Kareem Abdul-Jabbar celebrated his greatest success with the Los Angeles Lakers during the “Showtime” era, which ended around the time of the great center’s retirement from basketball in 1989.
Abdul-Jabbar joined the Lakers in 1975. But the great center’s first NBA championship in L.A. came after Dr. Jerry Buss acquired the franchise in 1979 — and L.A. drafted Magic Johnson with the No. 1 overall pick that same year.
Johnson, Abdul-Jabbar, and the Lakers won five NBA championships during the 1980s. The Showtime Lakers revolutionized the game and became a cultural phenomenon, making for a story so compelling it’s been the subject of three separate TV shows this year.
After the premiere of the latest series, “Legacy: The True Story of the Lakers,” Abdul-Jabbar revealed he started a podcast that will bring back the memories of L.A.’s Showtime days:
I just started a podcast and I hope you like it ! These are going to be private conversations between me and my Showtime teammates. I will be releasing new episodes every week… Enjoy !https://t.co/Lq0WUMNfSY pic.twitter.com/SVnfPy7v6x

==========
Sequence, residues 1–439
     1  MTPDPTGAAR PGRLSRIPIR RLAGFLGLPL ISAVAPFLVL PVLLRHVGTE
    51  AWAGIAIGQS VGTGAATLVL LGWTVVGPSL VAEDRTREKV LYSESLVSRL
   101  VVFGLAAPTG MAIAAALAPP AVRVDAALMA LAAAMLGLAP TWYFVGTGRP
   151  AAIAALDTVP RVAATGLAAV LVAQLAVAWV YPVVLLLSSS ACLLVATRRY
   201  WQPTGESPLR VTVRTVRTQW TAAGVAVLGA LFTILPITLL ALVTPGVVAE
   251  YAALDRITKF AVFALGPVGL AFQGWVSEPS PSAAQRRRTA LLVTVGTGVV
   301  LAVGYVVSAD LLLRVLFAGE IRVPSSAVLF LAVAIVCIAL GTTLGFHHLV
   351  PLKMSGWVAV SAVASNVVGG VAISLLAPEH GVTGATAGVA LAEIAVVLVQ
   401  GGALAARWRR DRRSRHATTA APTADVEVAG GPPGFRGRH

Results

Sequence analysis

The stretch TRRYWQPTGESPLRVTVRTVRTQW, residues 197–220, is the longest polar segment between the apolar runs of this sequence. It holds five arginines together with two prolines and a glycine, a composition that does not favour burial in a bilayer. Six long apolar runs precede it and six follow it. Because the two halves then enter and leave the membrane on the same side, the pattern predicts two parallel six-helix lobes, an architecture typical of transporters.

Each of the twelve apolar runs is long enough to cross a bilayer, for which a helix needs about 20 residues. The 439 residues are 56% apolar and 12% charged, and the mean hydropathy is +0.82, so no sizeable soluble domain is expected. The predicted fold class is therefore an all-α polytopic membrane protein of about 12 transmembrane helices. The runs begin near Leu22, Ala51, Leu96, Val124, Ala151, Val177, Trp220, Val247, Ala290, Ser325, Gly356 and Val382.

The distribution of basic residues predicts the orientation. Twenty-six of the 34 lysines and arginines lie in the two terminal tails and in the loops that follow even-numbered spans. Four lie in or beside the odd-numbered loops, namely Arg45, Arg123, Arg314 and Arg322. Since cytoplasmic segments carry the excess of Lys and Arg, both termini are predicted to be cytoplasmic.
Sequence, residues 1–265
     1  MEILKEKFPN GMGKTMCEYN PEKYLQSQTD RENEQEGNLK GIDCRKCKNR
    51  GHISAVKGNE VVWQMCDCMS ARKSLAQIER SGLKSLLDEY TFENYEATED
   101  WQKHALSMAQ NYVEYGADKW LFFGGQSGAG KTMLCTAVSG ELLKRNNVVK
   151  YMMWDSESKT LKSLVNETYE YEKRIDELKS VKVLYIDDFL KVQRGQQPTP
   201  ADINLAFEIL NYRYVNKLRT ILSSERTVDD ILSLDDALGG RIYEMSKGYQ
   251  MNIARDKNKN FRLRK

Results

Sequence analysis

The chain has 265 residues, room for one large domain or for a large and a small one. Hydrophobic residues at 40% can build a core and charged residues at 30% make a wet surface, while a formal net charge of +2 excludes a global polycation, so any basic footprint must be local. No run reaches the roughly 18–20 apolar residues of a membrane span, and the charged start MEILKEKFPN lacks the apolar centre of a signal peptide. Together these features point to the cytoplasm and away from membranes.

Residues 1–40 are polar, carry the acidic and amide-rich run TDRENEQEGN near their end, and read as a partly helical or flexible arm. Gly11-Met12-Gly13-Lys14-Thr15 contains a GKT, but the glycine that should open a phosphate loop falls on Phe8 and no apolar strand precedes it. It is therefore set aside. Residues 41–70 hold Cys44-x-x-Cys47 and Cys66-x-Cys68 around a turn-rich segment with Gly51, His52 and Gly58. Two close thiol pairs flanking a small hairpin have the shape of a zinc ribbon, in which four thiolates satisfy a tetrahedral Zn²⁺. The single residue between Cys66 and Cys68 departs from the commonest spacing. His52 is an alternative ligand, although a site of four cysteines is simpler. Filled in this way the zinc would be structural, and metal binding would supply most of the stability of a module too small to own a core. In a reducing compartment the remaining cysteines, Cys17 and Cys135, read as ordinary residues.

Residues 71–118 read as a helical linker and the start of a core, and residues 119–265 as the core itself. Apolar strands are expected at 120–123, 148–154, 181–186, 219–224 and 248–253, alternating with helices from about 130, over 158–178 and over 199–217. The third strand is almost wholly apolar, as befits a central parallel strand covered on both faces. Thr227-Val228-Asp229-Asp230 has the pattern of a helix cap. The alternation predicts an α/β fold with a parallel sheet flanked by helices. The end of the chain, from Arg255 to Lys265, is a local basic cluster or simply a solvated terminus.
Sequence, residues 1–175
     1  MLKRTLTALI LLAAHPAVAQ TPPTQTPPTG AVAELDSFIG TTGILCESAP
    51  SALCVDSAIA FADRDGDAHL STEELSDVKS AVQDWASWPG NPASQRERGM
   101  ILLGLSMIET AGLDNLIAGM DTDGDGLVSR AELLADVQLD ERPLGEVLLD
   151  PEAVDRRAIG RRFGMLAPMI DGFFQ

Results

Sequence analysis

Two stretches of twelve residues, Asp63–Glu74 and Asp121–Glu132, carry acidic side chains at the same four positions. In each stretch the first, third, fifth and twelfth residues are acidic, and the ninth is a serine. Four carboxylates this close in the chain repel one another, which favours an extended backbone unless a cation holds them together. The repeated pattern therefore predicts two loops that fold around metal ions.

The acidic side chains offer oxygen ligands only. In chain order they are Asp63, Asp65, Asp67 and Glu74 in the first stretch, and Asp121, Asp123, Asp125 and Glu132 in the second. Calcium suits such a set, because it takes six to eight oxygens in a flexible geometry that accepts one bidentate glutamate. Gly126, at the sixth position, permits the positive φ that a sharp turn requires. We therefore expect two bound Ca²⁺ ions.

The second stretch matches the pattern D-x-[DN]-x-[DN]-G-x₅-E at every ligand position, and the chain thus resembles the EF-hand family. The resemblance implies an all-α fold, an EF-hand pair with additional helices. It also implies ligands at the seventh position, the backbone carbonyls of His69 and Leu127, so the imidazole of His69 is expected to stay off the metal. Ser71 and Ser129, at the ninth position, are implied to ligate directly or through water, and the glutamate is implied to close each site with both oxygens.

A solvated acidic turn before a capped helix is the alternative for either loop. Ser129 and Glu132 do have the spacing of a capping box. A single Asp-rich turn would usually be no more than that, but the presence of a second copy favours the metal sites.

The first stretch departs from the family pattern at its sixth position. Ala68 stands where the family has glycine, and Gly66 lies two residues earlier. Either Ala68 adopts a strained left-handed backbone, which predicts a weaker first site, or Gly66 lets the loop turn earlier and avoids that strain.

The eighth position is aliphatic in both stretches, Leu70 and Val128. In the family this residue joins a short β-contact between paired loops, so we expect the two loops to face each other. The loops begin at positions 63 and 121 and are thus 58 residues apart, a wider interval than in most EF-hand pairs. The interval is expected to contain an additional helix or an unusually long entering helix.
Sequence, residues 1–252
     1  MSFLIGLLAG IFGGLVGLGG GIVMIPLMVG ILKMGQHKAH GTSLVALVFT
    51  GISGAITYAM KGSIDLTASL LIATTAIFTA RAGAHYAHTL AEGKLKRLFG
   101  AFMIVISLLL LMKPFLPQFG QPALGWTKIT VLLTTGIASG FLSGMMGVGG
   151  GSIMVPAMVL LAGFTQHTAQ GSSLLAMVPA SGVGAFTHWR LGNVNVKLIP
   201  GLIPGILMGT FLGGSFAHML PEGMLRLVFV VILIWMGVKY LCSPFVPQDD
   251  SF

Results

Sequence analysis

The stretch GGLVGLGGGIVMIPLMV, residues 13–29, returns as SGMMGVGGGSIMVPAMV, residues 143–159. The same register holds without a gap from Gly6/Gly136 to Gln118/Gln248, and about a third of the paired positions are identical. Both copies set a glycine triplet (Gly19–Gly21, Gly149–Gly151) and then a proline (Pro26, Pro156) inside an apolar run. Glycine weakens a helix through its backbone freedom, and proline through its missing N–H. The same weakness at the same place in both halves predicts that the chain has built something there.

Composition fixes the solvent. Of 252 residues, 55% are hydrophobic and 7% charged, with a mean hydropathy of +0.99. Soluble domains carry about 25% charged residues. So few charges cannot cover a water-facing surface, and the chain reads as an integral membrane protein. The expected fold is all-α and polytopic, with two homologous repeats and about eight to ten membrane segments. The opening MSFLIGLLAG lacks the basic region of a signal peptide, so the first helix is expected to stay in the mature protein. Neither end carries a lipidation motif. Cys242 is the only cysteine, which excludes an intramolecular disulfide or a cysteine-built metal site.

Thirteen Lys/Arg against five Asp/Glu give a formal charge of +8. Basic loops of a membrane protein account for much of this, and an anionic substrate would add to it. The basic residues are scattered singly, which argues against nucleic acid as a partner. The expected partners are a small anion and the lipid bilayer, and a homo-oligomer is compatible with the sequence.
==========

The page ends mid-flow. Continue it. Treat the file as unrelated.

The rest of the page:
— Kareem Abdul-Jabbar (@kaj33) August 19, 2022
Norm Nixon came on the first episode of Abdul-Jabbar’s “Skyhook: The Podcast,” talking about their Showtime teammates as well as some of the playing strategies they implemented in the ‘80s.
Abdul-Jabbar says Jerry West, Michael Cooper, Magic Johnson, Byron Scott, Jamaal Wilkes, James Worthy, Kurt Rambis, Bob McAdoo and A.C. Green will all make an appearance in the upcoming episodes.
Lakers Nation has published an exclusive sneak peek into the next episode of “Legacy,” which will discuss the Succession-like dynamics between Dr. Buss’ children as they were taking on leading roles within the family’s sports franchises.
Abdul-Jabbar receives second Emmy Awards nomination for ‘Black Patriots’ series
Abdul-Jabbar’s media career has been a success, leading to two Emmy Awards nominations for narrating the “Black Patriots” series.
This year, the Lakers legend has been nominated in the “Outstanding Narrator” category for his work on History Channel’s “Black Patriots: Heroes of the Civil War” documentary. He will compete for the award with David Attenborough, Lupita Nyong’o, Barack Obama, and W. Kamau Bell.
Two years ago, Abdul-Jabbar was in the running for the Emmy in the same category for his narration of “Black Patriots: Heroes of the Revolution.” Attenborough eventually won the award.
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